## Calculation of effective permittivity, permeability, and surface impedance of negative-refraction photonic crystals

Optics Express, Vol. 15, Issue 13, pp. 8340-8345 (2007)

http://dx.doi.org/10.1364/OE.15.008340

Acrobat PDF (374 KB)

### Abstract

We consider the eigen-fields of a two-dimensional negative-refraction photonic crystal and obtain negative effective permittivity and negative effective permeability. Effective permittivity, permeability, and surface impedance are calculated by averaging the eigen-fields. The value of the surface impedance is shown to be location-dependent and is validated by finite-difference time-domain simulations. The unique power propagation mechanism in the photonic crystal is demonstrated through time-evolution of eigen-fields.

© 2007 Optical Society of America

## 1. Introduction

1. J. B. Pendry, A. J. Holden, W. J. Stewart, and I. Youngs, “Extremely low frequency plasmons in metallic mesostructures,” Phys. Rev. Lett. **76**, 4773(1996). [CrossRef] [PubMed]

5. J. B. Pendry, “Negative refraction makes a perfect lens,” Phys. Rev. Lett. **85**, 3966 (2000). [CrossRef] [PubMed]

6. V. G. Veselago, “The electrodynamics of substances with simultaneously negative values of permittivity and permeability,” Sov. Phys. Usp. **10**, 509 (1968). [CrossRef]

7. E. Cubukcu, K. Aydin, E. Ozbay, S. Foteinopoulou, and C. M. Soukoulis, “Electromagnetic wave: negative refraction by photonic crystals,” Nature **423**, 604 (2003). [CrossRef] [PubMed]

8. P. V. Parimi, W. T. Lu, P. Vodo, J. Sokoloff, J. S. Derov, and S. Sridhar, “Negative refraction and left-handed electromagnetism in microwave photonic crystals,” Phys. Rev. Lett. **92**, 127401 (2004). [CrossRef] [PubMed]

9. Z. Lu, C. Chen, C. A. Schuetz, S. Shi, J. A. Murakowski, G. J. Schneider, and D. W. Prather, “Sub-wavelength imaging by a flat cylindrical lens using optimized negative refraction,” Appl. Phys. Lett. **87**, 091907 (2005). [CrossRef]

10. Z. Lu, J. A. Murakowski, C. A. Schuetz, S. Shi, G. J. Schneider, and D. W. Prather, “Three-dimensional subwavelength imaging by a photonic-crystal flat lens using negative refraction at microwave frequencies,” Phys. Rev. Lett. **95**, 153901 (2005). [CrossRef] [PubMed]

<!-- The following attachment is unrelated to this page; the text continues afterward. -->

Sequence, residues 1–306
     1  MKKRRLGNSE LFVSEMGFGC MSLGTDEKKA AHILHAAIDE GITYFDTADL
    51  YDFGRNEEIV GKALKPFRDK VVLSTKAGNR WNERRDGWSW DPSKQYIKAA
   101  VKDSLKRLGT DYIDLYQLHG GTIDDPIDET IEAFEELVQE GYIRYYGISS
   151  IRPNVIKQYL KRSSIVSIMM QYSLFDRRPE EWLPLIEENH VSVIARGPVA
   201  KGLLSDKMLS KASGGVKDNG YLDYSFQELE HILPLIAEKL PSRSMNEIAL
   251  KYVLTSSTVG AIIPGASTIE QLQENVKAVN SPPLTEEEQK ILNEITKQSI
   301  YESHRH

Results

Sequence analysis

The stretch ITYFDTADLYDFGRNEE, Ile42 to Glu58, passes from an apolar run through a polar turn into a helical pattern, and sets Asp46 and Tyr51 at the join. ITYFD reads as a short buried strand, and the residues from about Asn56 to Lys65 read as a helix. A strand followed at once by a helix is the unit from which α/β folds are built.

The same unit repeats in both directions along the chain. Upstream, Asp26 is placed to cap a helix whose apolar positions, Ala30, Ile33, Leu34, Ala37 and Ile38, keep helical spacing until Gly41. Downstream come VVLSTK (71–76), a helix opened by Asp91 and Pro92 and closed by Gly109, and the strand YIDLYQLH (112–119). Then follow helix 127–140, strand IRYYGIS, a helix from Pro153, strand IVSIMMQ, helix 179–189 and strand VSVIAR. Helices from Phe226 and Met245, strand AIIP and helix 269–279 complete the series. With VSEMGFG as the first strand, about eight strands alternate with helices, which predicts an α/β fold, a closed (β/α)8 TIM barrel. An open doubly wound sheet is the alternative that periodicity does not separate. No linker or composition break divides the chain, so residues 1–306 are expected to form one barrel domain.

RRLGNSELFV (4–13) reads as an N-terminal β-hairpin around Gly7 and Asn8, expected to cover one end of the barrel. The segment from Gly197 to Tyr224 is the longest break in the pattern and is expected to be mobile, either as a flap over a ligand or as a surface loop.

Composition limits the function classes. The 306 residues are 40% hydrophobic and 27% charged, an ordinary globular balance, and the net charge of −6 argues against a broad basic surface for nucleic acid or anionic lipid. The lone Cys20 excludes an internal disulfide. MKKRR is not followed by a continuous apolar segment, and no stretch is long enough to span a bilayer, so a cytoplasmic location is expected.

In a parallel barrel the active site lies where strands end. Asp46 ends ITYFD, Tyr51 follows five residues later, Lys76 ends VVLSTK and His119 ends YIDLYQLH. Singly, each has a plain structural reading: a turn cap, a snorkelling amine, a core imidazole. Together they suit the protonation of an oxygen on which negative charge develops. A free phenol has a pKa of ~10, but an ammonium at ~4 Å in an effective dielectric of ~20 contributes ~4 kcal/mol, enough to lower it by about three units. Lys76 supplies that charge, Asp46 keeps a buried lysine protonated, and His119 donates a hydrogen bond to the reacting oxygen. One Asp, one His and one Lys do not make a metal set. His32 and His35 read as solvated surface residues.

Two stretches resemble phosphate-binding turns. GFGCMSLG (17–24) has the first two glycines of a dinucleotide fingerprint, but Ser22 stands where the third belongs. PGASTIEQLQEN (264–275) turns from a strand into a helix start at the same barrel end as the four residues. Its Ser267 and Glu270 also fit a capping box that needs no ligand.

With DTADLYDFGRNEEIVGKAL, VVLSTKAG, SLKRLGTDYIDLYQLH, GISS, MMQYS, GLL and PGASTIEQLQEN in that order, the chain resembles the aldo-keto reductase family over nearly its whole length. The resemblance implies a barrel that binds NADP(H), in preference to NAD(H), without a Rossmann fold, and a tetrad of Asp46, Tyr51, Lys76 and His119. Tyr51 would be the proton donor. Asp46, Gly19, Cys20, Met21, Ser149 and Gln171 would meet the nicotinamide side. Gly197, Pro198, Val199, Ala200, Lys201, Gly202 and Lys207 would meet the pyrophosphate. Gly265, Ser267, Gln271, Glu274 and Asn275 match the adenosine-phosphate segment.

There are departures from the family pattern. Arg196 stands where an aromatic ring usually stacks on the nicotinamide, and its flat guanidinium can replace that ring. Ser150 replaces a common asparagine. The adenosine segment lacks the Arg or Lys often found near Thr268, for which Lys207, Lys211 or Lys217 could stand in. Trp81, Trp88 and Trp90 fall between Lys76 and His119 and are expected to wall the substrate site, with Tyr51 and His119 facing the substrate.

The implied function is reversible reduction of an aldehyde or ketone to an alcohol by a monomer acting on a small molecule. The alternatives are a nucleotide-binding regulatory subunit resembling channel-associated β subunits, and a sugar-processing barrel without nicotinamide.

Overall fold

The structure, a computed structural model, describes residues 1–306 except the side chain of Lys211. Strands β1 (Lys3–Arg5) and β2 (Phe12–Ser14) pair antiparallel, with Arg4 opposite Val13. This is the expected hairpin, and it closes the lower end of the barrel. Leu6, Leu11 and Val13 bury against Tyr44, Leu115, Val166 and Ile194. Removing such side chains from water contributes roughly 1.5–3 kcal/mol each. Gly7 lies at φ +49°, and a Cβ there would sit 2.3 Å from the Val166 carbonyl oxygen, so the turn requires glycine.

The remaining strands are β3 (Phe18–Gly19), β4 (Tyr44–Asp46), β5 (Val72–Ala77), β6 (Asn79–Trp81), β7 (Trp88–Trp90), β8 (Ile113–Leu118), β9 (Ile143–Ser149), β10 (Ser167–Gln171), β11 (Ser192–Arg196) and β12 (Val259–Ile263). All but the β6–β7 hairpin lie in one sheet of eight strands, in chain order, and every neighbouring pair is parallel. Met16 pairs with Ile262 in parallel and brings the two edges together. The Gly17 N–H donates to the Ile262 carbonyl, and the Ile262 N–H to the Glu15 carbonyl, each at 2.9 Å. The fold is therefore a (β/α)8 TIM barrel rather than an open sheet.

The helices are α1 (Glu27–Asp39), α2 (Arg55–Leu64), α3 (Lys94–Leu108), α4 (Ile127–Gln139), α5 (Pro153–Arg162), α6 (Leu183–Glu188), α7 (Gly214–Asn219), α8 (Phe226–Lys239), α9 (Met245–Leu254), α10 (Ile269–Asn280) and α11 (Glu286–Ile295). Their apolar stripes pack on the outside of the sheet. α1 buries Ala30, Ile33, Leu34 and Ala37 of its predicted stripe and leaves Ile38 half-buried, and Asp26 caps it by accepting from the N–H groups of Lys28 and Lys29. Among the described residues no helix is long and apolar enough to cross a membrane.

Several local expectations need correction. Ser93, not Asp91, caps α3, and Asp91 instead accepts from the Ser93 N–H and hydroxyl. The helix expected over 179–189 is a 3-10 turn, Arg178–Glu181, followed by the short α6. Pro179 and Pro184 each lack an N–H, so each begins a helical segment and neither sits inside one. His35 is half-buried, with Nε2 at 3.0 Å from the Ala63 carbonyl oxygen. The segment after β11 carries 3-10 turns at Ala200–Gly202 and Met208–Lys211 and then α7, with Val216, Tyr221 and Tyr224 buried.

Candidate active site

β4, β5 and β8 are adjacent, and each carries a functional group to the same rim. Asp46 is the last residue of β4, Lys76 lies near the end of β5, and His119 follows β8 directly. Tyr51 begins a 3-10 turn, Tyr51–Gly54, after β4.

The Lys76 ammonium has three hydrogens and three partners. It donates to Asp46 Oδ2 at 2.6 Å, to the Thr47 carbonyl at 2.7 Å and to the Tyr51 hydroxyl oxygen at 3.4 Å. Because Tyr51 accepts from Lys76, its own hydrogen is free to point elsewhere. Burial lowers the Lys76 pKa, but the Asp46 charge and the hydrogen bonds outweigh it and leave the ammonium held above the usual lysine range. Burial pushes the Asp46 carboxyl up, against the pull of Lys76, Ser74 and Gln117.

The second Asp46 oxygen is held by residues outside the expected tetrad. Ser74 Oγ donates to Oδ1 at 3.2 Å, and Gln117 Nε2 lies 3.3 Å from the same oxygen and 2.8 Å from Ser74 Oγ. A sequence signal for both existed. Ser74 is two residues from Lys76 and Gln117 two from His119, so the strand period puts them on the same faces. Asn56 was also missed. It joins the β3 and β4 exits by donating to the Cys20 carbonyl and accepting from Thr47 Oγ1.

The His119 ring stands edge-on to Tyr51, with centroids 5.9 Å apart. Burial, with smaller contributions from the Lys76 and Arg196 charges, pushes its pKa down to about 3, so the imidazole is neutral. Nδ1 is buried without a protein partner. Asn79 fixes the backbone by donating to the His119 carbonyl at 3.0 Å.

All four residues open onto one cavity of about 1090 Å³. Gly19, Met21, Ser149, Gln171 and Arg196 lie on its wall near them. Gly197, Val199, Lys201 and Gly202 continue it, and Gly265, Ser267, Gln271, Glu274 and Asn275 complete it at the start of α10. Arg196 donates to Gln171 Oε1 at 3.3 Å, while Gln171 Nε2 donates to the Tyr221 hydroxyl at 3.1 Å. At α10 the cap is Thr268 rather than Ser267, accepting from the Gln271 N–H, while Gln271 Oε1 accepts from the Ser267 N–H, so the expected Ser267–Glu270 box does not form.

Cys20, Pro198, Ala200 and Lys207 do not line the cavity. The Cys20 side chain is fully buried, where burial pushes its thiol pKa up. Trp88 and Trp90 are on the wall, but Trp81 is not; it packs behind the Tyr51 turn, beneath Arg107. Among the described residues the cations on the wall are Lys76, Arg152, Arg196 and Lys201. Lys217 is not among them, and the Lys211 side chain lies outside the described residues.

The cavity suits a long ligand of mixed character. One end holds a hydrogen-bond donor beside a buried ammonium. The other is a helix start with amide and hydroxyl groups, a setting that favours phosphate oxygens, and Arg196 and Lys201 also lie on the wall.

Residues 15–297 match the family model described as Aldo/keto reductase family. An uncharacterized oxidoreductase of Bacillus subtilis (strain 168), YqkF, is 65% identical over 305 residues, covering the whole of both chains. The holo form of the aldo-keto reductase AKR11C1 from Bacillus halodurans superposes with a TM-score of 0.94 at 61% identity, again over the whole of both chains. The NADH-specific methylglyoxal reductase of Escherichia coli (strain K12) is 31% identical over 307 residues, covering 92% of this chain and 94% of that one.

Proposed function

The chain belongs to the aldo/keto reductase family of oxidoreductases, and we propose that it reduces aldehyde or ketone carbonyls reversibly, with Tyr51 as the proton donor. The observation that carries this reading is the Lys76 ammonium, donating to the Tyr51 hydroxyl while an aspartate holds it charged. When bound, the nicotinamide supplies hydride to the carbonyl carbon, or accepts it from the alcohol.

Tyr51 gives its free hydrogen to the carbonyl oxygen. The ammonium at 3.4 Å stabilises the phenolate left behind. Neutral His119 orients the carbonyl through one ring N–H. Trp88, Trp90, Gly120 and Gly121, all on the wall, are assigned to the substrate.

*et al*., proposed to calculate the impedance of a negative-refraction PhC by observing the reflection into its matched medium, and numerically demonstrated that the value of the impedance of a PhC strongly depends on its boundary — especially the way of truncation of the elementary cells located on this boundary [11

11. T. Decoopman, G. Tayeb, S. Enoch, D. Maystre, and B. Gralak, “Photonic Crystal Lens: From Negative Refraction and Negative Index to Negative Permittivity and Permeability,” Phys. Rev. Lett. **97**, 073905 (2006). [CrossRef] [PubMed]

_{r}(

**r**) = μ

_{r}(

**r**+

**R**

_{lmn}and ε

_{r}= ε

_{r}(

**r**+

**R**), where

**R**

_{lmn}represents a unit lattice translation vector. Moreover, in their work the determination of the effective parameters relies on numerically simulated results and each simulation provides the parameters for only one boundary. To address these issues, we present a method based on averaging eigen-fields to calculate the effective permittivity, permeability, and surface impedance on all possible boundaries of negative-refraction PhCs.

## 2. Calculation of effective permittivity and permeability

_{r}= 20. The lattice constant is a and the diameter of the air holes is 2

*r*= 0.7

*a*, as shown in Fig. 1(a). Subwavelength imaging by this PhC was reported in our recent work [9

9. Z. Lu, C. Chen, C. A. Schuetz, S. Shi, J. A. Murakowski, G. J. Schneider, and D. W. Prather, “Sub-wavelength imaging by a flat cylindrical lens using optimized negative refraction,” Appl. Phys. Lett. **87**, 091907 (2005). [CrossRef]

*z*-axis) modes, the electromagnetic fields have three independent components,

*E*,

_{z}*H*, and

_{x}*H*. The coordinate system as illustrated in Fig. 1(a) will be used throughout this paper. Using μ

_{y}_{r}(

**r**) = 1 in Maxwell equations, we obtain the governing function for

*E*

_{z}*E*

^{(k)}

_{z}(

**r**) =

*E*

^{(k)}

_{z}(

**r**+

**R**

_{lmn}) is a function with the same periodicity as the PhC. Plugging ε